A portrait of Alla, a Ukrainian woman who said she was held by Russian forces for 10 days in July in the occupied city of Izyum in Ukraine's northeast Kharkiv region. During that time, she said she was raped and tortured by her captors. (Wojciech Grzedzinski for The Washington Post)
IZYUM, Ukraine — Soon after Russian forces took her prisoner, the 52-year-old woman picked up a nail and carved her name into a brick wall.
A-L-L-A, she wrote.
Below, she scratched how many days she had been held in the shed outside a medical clinic in her hometown. Above, she wrote in simple words what she had endured in captivity: ELECTRICAL SHOCK. UNDRESS. PAINFUL.
She hoped the markings would one day serve as clues for her son about what she expected to be the final days of her life.
“I thought if my son would look for me, he could find these writings and understand that I was there and died there,” she later recalled.
Some of Alla’s writing is still visible in the small shed in Izyum, the city in northeast Ukraine, where she said occupying Russian forces tortured, raped and beat her while she was held captive for 10 days in July.
The men who detained her, Alla said, were seeking information about her son, who works for Ukraine’s internal security service, the SBU, and about her own work at the region’s gas company. Her husband, who worked at the same company, was also detained and tortured on the clinic’s property.
Alla’s account of her treatment at the hands of Russian forces adds to a growing body of evidence of alleged war crimes committed by Russian troops and officials in the parts of Ukraine they occupied this year, after President Vladimir Putin ordered an invasion and launched a full-scale war.
Russian forces have left a trail of destruction and cruelty across Ukraine, including in Bucha, where they were accused of atrocities. New reports of barbarity are emerging as Ukraine’s military liberates more towns following months of occupation, and as authorities and rights groups try to document these acts of inhumanity in hopes of one day bringing perpetrators to justice, perhaps before an international tribunal.
Russia controlled Izyum, a small city in the northeast Kharkiv region, from March through September, when a surprise Ukrainian counteroffensive forced Russian troops and local collaborators to rapidly retreat. In the weeks since Ukraine retook its territory, horrific details have emerged about some of the most grievous offenses Russian forces allegedly committed during their violent occupation.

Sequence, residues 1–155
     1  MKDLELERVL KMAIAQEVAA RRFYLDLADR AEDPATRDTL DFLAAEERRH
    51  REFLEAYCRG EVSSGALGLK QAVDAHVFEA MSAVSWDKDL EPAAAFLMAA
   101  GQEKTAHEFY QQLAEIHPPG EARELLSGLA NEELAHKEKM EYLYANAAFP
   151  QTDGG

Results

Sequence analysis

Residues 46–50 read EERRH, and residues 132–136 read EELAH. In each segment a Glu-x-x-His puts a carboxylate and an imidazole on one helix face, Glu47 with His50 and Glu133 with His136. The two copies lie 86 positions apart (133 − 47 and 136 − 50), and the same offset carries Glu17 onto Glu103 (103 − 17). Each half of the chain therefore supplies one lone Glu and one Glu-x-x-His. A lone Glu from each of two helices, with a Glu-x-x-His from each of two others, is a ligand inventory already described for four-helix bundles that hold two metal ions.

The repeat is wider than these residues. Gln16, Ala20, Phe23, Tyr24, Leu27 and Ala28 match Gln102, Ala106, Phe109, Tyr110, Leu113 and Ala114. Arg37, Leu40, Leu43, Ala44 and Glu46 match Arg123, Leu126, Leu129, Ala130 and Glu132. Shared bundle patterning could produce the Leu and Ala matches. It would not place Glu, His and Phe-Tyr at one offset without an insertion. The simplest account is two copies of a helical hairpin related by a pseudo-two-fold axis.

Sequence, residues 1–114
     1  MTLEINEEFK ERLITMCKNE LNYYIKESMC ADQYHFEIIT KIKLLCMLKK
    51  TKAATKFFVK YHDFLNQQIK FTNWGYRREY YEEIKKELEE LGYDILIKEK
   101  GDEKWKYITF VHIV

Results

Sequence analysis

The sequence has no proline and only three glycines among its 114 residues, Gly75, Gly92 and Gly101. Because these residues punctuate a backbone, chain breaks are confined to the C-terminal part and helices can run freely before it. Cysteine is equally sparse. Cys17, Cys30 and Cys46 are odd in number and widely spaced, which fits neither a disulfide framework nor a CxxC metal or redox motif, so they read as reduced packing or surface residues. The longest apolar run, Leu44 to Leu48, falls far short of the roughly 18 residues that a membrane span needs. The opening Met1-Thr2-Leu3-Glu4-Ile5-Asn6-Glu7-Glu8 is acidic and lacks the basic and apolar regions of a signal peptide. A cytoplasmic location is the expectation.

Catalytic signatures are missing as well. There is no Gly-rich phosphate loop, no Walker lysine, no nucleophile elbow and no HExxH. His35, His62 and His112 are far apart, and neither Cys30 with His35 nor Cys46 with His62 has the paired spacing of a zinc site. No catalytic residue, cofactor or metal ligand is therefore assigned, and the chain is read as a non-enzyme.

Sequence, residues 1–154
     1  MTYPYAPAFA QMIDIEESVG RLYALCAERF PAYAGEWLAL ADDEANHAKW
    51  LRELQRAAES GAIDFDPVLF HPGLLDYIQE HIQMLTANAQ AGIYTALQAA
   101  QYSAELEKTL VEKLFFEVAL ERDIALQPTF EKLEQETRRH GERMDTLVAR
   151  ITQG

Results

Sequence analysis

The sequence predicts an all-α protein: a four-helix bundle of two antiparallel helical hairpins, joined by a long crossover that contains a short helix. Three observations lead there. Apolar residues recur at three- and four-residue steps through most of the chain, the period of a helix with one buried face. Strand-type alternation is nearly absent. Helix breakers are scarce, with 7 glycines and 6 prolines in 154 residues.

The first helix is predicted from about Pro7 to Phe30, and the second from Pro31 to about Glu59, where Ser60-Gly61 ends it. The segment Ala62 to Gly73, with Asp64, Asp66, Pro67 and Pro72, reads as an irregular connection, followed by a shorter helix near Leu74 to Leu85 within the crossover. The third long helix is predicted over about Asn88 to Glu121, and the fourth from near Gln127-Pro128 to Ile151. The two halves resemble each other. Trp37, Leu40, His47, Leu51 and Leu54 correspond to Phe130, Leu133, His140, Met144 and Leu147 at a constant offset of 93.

Civilians who survived the occupation have recounted other instances of rape and torture at the hands of Russian and Russian-backed troops. Some of the hundreds of civilian bodies retrieved from a mass burial site in Izyum showed signs of torture, Ukrainian officials said.
Alla shared her account with The Washington Post on the condition only her first name be used. The Post is also not naming her husband, or son, to protect her identity.
Washington Post journalists twice visited the site where she was imprisoned, once independently and once with Alla and her husband. Her account was consistent with what Post journalists found inside, including her name and other details still scrawled on the wall.
It was impossible to independently verify every detail of Alla’s case. But in an investigation into torture in Izyum, Human Rights Watch spoke to eight other men and one other woman who were detained at the clinic during the Russian occupation, said Belkis Wille, senior researcher in the group’s conflict and crisis division. The woman told the group she was threatened with rape but not sexually assaulted. A man who was held in a garage at the clinic during the same time as Alla reported that he heard women’s screams, and soldiers talking about denying food to a prisoner because she had not performed a sex act, Wille said.